Attempts at biological control have been extensive. The moth, Pareuchaetes pseudoinsulata, has become well-established in Guam, Federated States of Micronesia, and Northern Mariana Islands (and in Sri Lanka). However, a number of species of the moth were identified over its range, so it's necessary to match moth, host and environment. More lately, Australia has released the stem-galling fly, Cecidochares connexa, in Queensland and the Northern Territory. It is also released in Indonesia.

It is important to control Siam weed before flowers mature and set seed. Do the following:

  • Physical & Mechanical:
    • Pull-out plants by hand, making sure to include the 'basal bulb'; a method recommended for small infestations. Do not leave plants or plant pieces in contact with soil: collect and burn. Cover hands when pulling weeds.
    • Do not slash or plough infestations as root pieces may spread and regenerate, making the situation worse.
  • Use ground or tree legumes:
    • Use competitive species: Leucaena leucocephala (see Fact Sheet no. 500), Tephrosia purpurea; ground cover legumes.

Note, that in all situations it is important to monitor and follow-up with chemical control if necessary.

  • Hygiene:
    • Treat vehicles and farm machinery. If moving from areas where the weed occurs to those weed-free, wash to remove soil. This is equally important if the machinery is being imported into a country or moved within a country.
    • Where the weed is already present, ensure seeds are not carried on clothes between infested and 'clean' areas.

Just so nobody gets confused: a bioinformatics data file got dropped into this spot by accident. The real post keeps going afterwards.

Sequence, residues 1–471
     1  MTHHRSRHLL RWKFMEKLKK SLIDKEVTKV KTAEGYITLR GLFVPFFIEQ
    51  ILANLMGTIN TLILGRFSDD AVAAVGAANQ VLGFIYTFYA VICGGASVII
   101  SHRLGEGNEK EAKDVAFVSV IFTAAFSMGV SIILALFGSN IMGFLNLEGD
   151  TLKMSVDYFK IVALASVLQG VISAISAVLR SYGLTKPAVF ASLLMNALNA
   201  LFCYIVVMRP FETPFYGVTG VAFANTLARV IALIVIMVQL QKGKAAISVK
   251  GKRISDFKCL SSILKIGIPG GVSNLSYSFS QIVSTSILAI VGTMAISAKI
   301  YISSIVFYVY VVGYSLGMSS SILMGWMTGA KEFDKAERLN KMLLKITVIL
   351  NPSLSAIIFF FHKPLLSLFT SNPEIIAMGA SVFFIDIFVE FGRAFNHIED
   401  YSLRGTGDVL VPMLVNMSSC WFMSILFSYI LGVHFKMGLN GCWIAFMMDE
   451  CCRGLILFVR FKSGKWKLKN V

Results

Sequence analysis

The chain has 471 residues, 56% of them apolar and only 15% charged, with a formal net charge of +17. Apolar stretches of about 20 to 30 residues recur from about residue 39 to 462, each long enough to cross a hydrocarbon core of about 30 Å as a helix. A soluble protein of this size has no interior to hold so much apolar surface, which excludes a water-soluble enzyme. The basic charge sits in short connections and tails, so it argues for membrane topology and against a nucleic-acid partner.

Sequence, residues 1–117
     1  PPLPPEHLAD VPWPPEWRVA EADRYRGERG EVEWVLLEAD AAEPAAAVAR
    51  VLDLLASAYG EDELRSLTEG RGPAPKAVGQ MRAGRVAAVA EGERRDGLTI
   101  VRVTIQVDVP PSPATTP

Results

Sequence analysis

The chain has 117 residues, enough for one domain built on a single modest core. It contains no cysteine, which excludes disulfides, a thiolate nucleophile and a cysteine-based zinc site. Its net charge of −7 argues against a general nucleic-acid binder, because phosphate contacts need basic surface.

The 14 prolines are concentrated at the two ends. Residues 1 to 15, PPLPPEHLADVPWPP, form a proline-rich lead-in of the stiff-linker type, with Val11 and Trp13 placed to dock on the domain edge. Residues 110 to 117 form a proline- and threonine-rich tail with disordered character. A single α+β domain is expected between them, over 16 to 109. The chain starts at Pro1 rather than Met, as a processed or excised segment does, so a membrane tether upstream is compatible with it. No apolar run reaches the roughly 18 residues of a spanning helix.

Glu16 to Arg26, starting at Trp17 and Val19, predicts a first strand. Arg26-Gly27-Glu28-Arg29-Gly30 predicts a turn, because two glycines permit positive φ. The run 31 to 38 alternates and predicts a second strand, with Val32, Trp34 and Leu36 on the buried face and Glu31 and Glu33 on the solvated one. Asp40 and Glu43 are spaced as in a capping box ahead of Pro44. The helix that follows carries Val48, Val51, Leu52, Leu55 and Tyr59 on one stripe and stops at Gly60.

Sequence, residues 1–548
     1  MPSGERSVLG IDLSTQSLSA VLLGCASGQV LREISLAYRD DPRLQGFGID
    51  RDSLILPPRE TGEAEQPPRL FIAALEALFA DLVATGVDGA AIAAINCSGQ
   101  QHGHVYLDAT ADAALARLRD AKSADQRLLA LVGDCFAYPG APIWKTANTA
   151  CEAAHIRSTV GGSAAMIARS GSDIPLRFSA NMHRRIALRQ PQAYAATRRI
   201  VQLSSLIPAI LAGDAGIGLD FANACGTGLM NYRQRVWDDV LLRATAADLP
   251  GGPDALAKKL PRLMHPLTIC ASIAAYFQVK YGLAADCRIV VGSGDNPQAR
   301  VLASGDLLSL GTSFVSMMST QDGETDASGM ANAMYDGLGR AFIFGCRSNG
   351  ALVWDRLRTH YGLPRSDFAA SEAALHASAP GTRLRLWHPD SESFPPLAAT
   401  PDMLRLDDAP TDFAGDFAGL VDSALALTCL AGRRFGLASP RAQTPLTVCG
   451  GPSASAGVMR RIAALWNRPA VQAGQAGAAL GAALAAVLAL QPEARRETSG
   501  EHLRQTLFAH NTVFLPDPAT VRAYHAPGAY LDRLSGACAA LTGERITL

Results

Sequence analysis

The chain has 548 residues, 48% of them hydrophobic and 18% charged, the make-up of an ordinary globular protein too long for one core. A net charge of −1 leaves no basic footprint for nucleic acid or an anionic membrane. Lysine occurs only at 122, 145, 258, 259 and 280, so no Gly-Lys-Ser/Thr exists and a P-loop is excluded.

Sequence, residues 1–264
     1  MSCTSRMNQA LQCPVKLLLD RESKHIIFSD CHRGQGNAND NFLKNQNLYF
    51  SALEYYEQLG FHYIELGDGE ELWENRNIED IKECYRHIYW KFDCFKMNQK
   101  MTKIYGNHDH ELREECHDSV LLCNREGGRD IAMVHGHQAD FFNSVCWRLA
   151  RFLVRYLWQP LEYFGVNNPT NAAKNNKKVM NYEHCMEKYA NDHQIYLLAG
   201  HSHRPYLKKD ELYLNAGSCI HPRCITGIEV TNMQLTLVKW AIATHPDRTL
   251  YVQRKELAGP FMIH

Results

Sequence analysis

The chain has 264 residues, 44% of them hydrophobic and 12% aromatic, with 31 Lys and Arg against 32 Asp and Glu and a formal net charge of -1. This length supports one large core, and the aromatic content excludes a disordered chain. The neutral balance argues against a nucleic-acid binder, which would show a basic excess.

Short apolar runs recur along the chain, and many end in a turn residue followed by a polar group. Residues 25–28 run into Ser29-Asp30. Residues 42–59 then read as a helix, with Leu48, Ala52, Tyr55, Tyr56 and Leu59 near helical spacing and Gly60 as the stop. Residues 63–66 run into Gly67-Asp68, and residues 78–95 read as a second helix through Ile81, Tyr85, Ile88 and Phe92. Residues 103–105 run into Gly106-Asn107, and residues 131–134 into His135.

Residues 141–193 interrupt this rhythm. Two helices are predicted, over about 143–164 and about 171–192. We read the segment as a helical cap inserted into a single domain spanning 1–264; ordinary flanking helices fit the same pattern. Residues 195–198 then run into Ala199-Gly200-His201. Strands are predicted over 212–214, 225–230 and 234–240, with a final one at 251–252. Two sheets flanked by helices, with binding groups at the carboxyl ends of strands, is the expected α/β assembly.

• Quarantine livestock for at least 1 week between moving them from Siam weed-infested areas.
    • Do not move soil, sand or gravel from infested to Siam weed-free areas.
  • Develop IPM programs using fire - but before seed release  - with physical/mechanical clearing and herbicide application.

Apply herbicides before flowering to prevent the production and spread of seed. The following herbicides are registered in Australia: picloram; fluroxypyr; glyphosate; triclopyr + picloram; triclopyr, picloram + aminopyralid; metsulfuron-methyl; fluroxypyr + aminopyralid. Control is usually best on regrowth after slashing.

Note, EU approval to use glyphosate ends in December 2022; its use after that date is under discussion.

When using a pesticide, always wear protective clothing and follow the instructions on the product label, such as dosage, timing of application, and pre-harvest interval. Recommendations will vary with the crop and system of cultivation. Expert advice on the most appropriate herbicides to use should always be sought from local agricultural authorities.

AUTHOR Grahame Jackson
Information from Waterhouse DF (1994) Chromolaena odorata (L.) R.M. King and H. Robinson. Biological control of weeds: Southeast Asian Prospects. ACIAR Monograph No. 26. Brown Prior Anderson Pty. Ltd. Canberra, Australia; and Chromolaena odorata. Wikipedia. (; and CABI (2019) Chromolaena odorata (Siam weed). Crop Protection Compendium. (; and Siam weed (2020) Business Queensland. Queensland Government. (; and Siam weed (2020) Chromolaena odorata and Chromolaena squalida. The State of Queensland, Department of Agriculture and Fisheries. (; and from WeedsAustralia (2020) Chromolaena odorata (L.) R.M.King & H.Rob. Weeds Australia Profiles. Centre for Invasive Species Solutions. Atlas of Living Australia. ( Photo 1 Scott Zona Chromolaena odorata Seacrest Scrub Natural Area, Palm Beach Co., Florida, USA. Photo 2 Scamperdale Chromolaena odorata (L.) R.M.King & H.Rob. (ASTERACEAE). Ashasathees Chromolaena odorata.jpg. Photo 4 2009 Jee & Rani Nature Photography.jpg.

Produced with support from the Australian Centre for International Agricultural Research under project HORT/2016/185: Responding to emerging pest and disease threats to horticulture in the Pacific islands, implemented by the University of Queensland and the Secretariat of the Pacific Community.